Despite the Sound and Fury, Chinese Political Shifts Don’t Seem Surprising

Even with headlines hitting heavily this week, developments from China’s National Party Congress contained relatively few surprises.

Chinese stocks came under sharp pressure in Hong Kong and the US early this week, with the Hang Seng Index falling -6.3% Monday, cutting against a rise in most markets globally.[i] This came as China’s delayed economic data hit the newswires and the Chinese Communist Party (CCP) National Congress concluded, officially handing President Xi Jinping an unprecedented third term amid a restructured leadership group packed exclusively with loyalists to him. While that last part stirred much conversation and may have surprised some at the margin, overall the developments look set to extend the status quo versus some kind of huge shock.

Let us start with the smaller stuff: The delayed data. When China didn’t release trade data as scheduled on October 14—with no explanation—many feared terrible figures would come. Those fears grew more when it delayed GDP results last week, ahead of the Congress’s convening. But in the end, the data don’t support the narrative. After Chinese GDP growth slowed to a 0.4% y/y crawl in Q2, the latest release showed it rebounded to 3.9% in Q3 and beat expectations.[ii] This was as September industrial production and fixed asset investment accelerated to 6.3% y/y and 5.9% year-to-date y/y growth, respectively. It appears easing COVID restrictions and a raft of government support measures—many aimed at ailing property markets—helped buoy growth.

Headwinds remain. For example, 30 cities still face varying degrees of COVID restrictions, affecting around 225 million people.[iii] Hence, with year-to-date GDP growth through Q3 at only 3.0% y/y, China may not meet its 5.5% full-year growth target. Meanwhile, retail sales (2.5% y/y), exports (5.7%) and imports (0.3%) decelerated in September.[iv] That said, few analysts expect China to meet its 2022 growth target, and slowing in these retail and trade data just continues existing trends. Domestic and global demand have been weakening—the former more than the latter due to “zero-COVID” policies and real estate uncertainty—but China has dealt with these issues all year. They aren’t anything new.

The bigger news Monday: Xi’s return for a third term, potentially cementing his presidency for life. As many outlets pointed out, his was the only position unchanged among China’s new leadership slate in the Politburo Standing Committee—the country’s top decision-making body—whose roles are now stacked with Xi loyalists. Xi’s status is no shock—it was widely expected he would break with recent practice, setting himself up for continued rule. As for the Standing Committee, that is more of a twist, although a shakeup isn’t a shock, either. The most surprising feature, arguably, is the replacement of Premier Li Keqiang—the CCP’s second highest-ranking official, nominally in charge of economic affairs—with Li Qiang, Xi’s former chief of staff and current Shanghai chief (who oversaw the city’s zero-COVID crackdowns). That move seems to have stoked some concern.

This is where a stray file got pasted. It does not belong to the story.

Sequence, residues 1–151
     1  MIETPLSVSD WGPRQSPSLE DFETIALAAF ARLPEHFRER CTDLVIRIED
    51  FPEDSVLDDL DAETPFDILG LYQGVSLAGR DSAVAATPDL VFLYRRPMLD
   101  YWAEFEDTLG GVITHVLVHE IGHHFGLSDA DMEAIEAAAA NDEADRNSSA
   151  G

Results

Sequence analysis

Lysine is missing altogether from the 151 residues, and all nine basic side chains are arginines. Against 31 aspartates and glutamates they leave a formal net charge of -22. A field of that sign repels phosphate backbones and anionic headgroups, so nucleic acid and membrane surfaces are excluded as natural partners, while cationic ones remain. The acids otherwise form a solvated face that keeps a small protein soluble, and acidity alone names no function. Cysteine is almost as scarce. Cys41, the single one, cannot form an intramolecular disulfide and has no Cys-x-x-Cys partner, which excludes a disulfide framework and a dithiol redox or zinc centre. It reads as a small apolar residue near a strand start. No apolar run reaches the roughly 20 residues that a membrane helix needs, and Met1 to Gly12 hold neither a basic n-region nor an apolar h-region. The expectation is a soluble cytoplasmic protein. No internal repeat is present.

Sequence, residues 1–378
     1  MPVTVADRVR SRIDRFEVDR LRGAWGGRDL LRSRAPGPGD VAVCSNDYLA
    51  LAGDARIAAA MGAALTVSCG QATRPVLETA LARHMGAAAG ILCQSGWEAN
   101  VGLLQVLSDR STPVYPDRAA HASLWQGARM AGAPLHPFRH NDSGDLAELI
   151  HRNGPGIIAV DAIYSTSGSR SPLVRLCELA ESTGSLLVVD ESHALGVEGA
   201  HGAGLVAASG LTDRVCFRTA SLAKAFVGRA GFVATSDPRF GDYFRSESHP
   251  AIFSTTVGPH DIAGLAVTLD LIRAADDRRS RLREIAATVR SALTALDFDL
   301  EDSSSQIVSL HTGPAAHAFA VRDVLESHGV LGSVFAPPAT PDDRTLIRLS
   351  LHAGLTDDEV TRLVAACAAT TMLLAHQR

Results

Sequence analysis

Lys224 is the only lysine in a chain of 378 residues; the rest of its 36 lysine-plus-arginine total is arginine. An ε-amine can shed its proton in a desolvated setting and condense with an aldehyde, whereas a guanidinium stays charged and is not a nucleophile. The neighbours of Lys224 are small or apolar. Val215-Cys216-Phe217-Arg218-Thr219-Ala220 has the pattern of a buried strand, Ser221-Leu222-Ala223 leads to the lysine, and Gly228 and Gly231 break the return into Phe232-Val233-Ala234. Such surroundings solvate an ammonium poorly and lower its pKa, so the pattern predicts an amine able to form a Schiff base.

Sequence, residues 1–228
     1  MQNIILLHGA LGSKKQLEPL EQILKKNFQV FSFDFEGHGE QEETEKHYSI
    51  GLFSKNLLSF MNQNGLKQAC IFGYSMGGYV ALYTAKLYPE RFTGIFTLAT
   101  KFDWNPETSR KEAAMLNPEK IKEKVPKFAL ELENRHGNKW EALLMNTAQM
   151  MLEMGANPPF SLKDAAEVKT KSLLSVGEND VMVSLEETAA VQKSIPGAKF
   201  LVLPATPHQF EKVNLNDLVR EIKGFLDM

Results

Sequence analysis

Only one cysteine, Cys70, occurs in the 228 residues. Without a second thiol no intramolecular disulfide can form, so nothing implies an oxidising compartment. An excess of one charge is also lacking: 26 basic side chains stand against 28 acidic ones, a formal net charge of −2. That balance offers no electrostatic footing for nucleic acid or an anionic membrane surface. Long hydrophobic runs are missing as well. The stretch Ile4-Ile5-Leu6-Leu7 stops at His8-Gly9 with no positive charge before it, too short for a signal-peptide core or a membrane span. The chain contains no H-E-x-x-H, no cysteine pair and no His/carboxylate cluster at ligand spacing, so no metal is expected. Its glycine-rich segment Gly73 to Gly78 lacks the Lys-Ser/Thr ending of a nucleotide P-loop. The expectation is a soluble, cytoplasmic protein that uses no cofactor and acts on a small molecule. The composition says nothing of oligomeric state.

Li Keqiang is widely viewed as a market-oriented reformer and comes from the CCP’s Youth League faction, which has long pushed for economic modernization. His successor, who takes over in March, has little national experience. The fear is this appointment (coupled with the Youth League’s expulsion from the Standing Committee) will shift policy radically, but that is largely speculation built on distant analysis of policymakers’ reputations and personalities. Besides, Xi likely could have changed directions before—without changing anything in the Standing Committee. Hence, we see little tangible reason to think a new Politburo with Xi still at the helm likely changes much policy wise.

While short-term market moves are open to interpretation, we see Monday’s swing as sentiment-based amid an already nervous market environment. The associated headlines seem largely like efforts to read significance in those swings. Maybe there is some. Maybe not. But little here seems to pack fundamental surprise power at this point. Markets have long been aware of these issues, which should defang the effect some. The market reaction outside China helps illustrate this point. With Hong Kong only 0.7% of the MSCI World’s market cap, global stocks didn’t seem to mind much.[v] The MSCI World rose 1.2% Monday and 4.9% through the Chinese conclave.[vi]

[i] Source: FactSet, as of 10/25/2022. Hang Seng Index price return, 10/24/2022.

[ii] Source: FactSet, as of 10/25/2022.

[iii] “China Q3 GDP Growth Tops Forecasts but Meaningful Rebound Elusive,” Ryan Woo and Ellen Zhang, Reuters, 10/24/2022.

[iv] Source: FactSet, as of 10/25/2022.

[v] Source: FactSet, as of 10/25/2022. Hong Kong’s market capitalization percentage of the MSCI World Index, 10/24/2022.

[vi] Source: FactSet, as of 10/25/2022. MSCI World return with net dividends, 10/21/2022 – 10/24/2022 and 10/14/2022 – 10/24/2022.

If you would like to contact the editors responsible for this article, please click here.

*The content contained in this article represents only the opinions and viewpoints of the Fisher Investments editorial staff.